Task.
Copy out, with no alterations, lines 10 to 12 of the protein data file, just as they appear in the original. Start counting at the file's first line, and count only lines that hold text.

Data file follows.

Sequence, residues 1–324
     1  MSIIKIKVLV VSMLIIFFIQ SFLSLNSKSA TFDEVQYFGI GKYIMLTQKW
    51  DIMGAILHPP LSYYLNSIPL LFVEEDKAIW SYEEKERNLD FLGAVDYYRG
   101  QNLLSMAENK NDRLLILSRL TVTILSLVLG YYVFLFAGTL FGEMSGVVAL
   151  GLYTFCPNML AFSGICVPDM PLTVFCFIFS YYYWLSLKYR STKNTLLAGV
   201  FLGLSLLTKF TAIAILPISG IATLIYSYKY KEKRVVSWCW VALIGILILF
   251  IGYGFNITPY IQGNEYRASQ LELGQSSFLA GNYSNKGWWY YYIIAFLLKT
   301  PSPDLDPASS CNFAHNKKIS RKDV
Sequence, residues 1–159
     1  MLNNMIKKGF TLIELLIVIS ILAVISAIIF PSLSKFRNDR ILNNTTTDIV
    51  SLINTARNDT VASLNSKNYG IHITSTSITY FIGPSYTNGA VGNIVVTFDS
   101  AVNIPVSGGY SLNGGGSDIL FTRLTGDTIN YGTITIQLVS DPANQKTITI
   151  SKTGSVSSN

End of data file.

     1  MLNNMIKKGF TLIELLIVIS ILAVISAIIF PSLSKFRNDR ILNNTTTDIV
    51  SLINTARNDT VASLNSKNYG IHITSTSITY FIGPSYTNGA VGNIVVTFDS
   101  AVNIPVSGGY SLNGGGSDIL FTRLTGDTIN YGTITIQLVS DPANQKTITI